Salem's one and only daily newspaper, the Statesman Journal, is falling deeper into a well of mediocrity.
The newest outrage against journalistic excellence was obvious in yesterday's Sunday paper where, for the first time in the 41 years that I've been reading the Statesman Journal, to my recollection, there was precisely zero local content on the opinion pages.
A post on the Salem Community Vision Facebook page nailed the outrageousness of this:
NO LOCAL OPINION IN THE SUNDAY PAPER
Charles Sprague is turning in his grave today. When he was the editor of the Oregon Statesman he wrote a daily editorial that appeared on the front page of the paper for 25 years. Today the Statesman Journal could not even manage to print one opinion piece by a local author. No staff editorial. No guest opinion. Not even a letter to the editor. Pathetic. The Statesman staff should be ashamed. They've hit a new low.
I too was struck by the absurdity of no local opinions in the first Sunday paper published after the midterm elections. Instead, there were five pieces by national writers, plus four editorial cartoons.
Further, there is no longer an editorial board, just two Statesman Journal staff members who, apparently, are staffing a nonexistent editorial board. (Easy job.)
Hopefully local content on the opinion page will spring back to life before too long. I'm a big fan of opinions, in part because I'm so prone to holding them myself. Along with, of course, almost everybody else in Salem. We all have opinions, and an important role of a newspaper is to provide a forum for them.
I'm not particularly concerned about the lack of a Statesman Journal editorial board.
It was a wise decision for the paper to not make any endorsements in the midterm elections, but rather to publish pieces by rival candidates side by side. Or, singly, if one of the candidates chose not to write a piece.
There's really no reason now for newspapers to make political endorsements, assuming there ever was. The Internet allows people to have all the information that editorial boards are privy to, and it is more than a little condescending for newspaper employees to consider that they have a special right, or duty, to tell everybody else how to vote.
But I do enjoy reading letters to the editor and opinion pieces about local issues. For example, City Councilor Tom Andersen has made a reasonable proposal that councilors be paid, which would encourage more people to run for the City Council. But Mayor Chuck Bennett hates the idea.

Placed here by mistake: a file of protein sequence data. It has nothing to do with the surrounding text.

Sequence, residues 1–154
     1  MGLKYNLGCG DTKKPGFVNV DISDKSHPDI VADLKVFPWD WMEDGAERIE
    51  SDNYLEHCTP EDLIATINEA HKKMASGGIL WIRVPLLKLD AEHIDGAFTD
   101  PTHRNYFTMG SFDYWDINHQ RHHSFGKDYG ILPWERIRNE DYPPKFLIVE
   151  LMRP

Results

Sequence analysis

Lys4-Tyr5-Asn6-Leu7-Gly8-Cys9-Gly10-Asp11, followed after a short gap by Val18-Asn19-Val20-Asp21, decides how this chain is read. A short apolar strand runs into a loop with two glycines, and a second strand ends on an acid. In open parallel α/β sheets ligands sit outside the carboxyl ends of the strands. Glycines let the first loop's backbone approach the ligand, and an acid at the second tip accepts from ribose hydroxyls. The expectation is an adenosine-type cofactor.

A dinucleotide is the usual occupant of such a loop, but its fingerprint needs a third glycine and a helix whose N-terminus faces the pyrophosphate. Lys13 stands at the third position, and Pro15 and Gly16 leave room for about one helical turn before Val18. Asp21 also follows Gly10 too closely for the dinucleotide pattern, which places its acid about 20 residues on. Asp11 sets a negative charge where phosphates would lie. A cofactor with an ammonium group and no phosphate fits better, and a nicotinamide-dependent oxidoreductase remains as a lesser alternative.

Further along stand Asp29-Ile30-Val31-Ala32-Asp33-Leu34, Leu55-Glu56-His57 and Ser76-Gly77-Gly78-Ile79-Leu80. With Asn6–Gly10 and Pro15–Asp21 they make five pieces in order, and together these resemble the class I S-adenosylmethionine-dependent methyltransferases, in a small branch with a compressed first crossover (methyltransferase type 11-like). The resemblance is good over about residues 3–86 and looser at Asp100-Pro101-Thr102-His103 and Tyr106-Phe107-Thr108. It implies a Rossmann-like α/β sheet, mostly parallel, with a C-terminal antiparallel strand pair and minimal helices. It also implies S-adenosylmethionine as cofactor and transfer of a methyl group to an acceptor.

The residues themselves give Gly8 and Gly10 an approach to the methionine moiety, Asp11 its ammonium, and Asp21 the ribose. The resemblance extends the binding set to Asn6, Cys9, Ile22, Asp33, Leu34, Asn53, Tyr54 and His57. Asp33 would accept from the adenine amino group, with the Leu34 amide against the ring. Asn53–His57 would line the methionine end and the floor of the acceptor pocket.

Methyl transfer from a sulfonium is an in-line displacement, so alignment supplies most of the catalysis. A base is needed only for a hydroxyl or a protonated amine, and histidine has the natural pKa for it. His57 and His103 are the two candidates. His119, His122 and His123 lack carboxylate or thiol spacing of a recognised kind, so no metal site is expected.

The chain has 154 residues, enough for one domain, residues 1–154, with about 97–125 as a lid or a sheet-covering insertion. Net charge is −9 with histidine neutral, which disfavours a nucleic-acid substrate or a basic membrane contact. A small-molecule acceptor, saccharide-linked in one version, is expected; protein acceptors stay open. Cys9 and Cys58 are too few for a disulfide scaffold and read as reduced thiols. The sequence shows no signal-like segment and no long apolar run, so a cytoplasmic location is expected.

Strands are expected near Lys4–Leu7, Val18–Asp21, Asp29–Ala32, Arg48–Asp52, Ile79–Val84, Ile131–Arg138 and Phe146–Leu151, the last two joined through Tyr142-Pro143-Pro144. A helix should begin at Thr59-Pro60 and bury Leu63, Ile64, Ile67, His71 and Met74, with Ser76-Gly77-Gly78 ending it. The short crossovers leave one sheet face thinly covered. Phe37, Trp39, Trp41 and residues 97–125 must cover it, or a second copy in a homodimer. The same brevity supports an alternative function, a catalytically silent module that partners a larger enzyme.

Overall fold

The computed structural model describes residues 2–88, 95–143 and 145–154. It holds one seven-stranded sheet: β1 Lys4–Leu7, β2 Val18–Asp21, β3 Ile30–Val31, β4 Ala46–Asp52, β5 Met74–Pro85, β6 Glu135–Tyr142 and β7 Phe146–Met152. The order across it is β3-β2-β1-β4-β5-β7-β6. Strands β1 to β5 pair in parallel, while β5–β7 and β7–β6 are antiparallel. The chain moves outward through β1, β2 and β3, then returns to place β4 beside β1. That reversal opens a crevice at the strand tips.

So I'd like to read dueling opinion pieces by Andersen and Bennett on this subject. Along with letters to the editor taking one side or the other.
I'm finding that the new journalistic kid in town, the totally online Salem Reporter, is making it a bit difficult for me to feel close to this Salem news source. I have to remember to visit the web site each day, whereas the Statesman Journal appears at the end of our driveway every morning.
(Well, most mornings.)
Some days there aren't any new Salem Reporter stories. On the plus side, all of the stories are local, or about state government, whereas the Statesman Journal has a lot of USA Today and national content that isn't of much interest to me. I subscribe to the online versions of the Washington Post and New York Times, plus I browse Politico, Google News, and such.
And so far the Salem Reporter doesn't have an opinion section, nor any way for subscribers to comment on stories. Both of these absences are turn-offs for me, though I feel like I'm getting my money's worth from the $100 annual subscription that I signed up for soon after Salem Reporter announced its presence in our town.
UPDATE: Almost forgot to mention that the current Statesman Journal Monday-Sunday home delivery rate is $62/month, which is up from $46/month in June 2017. So that's a 35% increase in a bit less than a year and a half, which is, um, a LOT greater than the overall inflation rate.
My suspicion is that the Statesman Journal's corporate masters at Gannett are trying to squeeze as much money as possible out of subscribers before the paper ceases print publication next year -- and perhaps shuts down altogether. Meanwhile, us subscribers are paying more for crappier content.